Although in the US artichokes are a spring vegetable in season for just a short time, in Israel they were everywhere by February. Big, beautiful artichokes everywhere. And the best part is, they're still around! They are starting to get smaller, but are no less gorgeous and tasty.
This is one of my favorite ways to prepare artichokes. Besides the trimming, the recipe actually comes together quite quickly. After they’ve simmered, covered, for about half an hour the entire artichoke, including the stem, is tender enough to eat and has absorbed all the delicious flavor from the simmering liquid. It is absolutely divine. A friend of mine even said that she never trims her artichokes and just doesn't eat the ends. Do whatever works for you.
Great as a starter, side dish, or even a meal all its own, this recipe is almost fool proof. Should you have leftover artichokes (two is plenty for two people as a side), I removed the leaves, breaded and fried them, and served them with homemade mayo. —kmartinelli
cloves garlic, chopped
heaping tablespoons chopped parsley
Juice of ½ lemon (plus more for preventing discoloration)
dry white wine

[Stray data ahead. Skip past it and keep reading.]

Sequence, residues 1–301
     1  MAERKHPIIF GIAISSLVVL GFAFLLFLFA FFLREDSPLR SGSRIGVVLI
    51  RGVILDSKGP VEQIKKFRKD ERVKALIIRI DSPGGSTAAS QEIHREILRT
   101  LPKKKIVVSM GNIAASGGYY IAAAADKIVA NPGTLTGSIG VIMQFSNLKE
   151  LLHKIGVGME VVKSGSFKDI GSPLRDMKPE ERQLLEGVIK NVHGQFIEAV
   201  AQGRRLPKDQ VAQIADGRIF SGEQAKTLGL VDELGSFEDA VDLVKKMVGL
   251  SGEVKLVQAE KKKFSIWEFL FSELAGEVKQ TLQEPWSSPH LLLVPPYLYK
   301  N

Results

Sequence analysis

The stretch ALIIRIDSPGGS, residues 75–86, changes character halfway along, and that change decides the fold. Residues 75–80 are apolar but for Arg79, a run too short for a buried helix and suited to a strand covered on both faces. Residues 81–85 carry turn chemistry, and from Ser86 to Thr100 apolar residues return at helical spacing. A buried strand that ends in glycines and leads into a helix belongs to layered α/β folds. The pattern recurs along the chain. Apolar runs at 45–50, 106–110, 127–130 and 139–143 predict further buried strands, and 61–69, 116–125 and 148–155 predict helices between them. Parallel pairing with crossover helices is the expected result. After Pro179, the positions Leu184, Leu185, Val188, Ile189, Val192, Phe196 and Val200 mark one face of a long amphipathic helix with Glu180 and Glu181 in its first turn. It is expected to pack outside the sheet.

chicken or vegetable stock or water
In This Recipe
Turn artichokes: Pull back an outer leaf until it naturally cracks and, using a sharp paring knife, cut at this point. Continue doing this to all the outer leaves, turning as you go, until you get almost to the middle. Slice off the entire top third of the artichoke. Peel the stem and immediately put the artichoke in a big bowl of water with a bit of lemon juice to prevent discoloration. Repeat with the remaining three artichokes.
Put the artichokes in a pot large enough to hold them and put a lid on, but small enough that they are close together and able to stand. Add the remaining ingredients.
Bring to a boil, reduce heat to medium-low, and cover and simmer for 30 minutes, or until artichokes are tender.
Serve whole as a side dish (I had it as an accompaniment to Risotto alla Milanese with grilled chicken) or in a bowl with some of the broth and crusty bread as a starter.
A native New Yorker, I recently moved to Be'er Sheva, Israel with my husband while he completes medical school. I am a freelance food and travel writer and photographer who is always hungry and reads cookbooks in bed.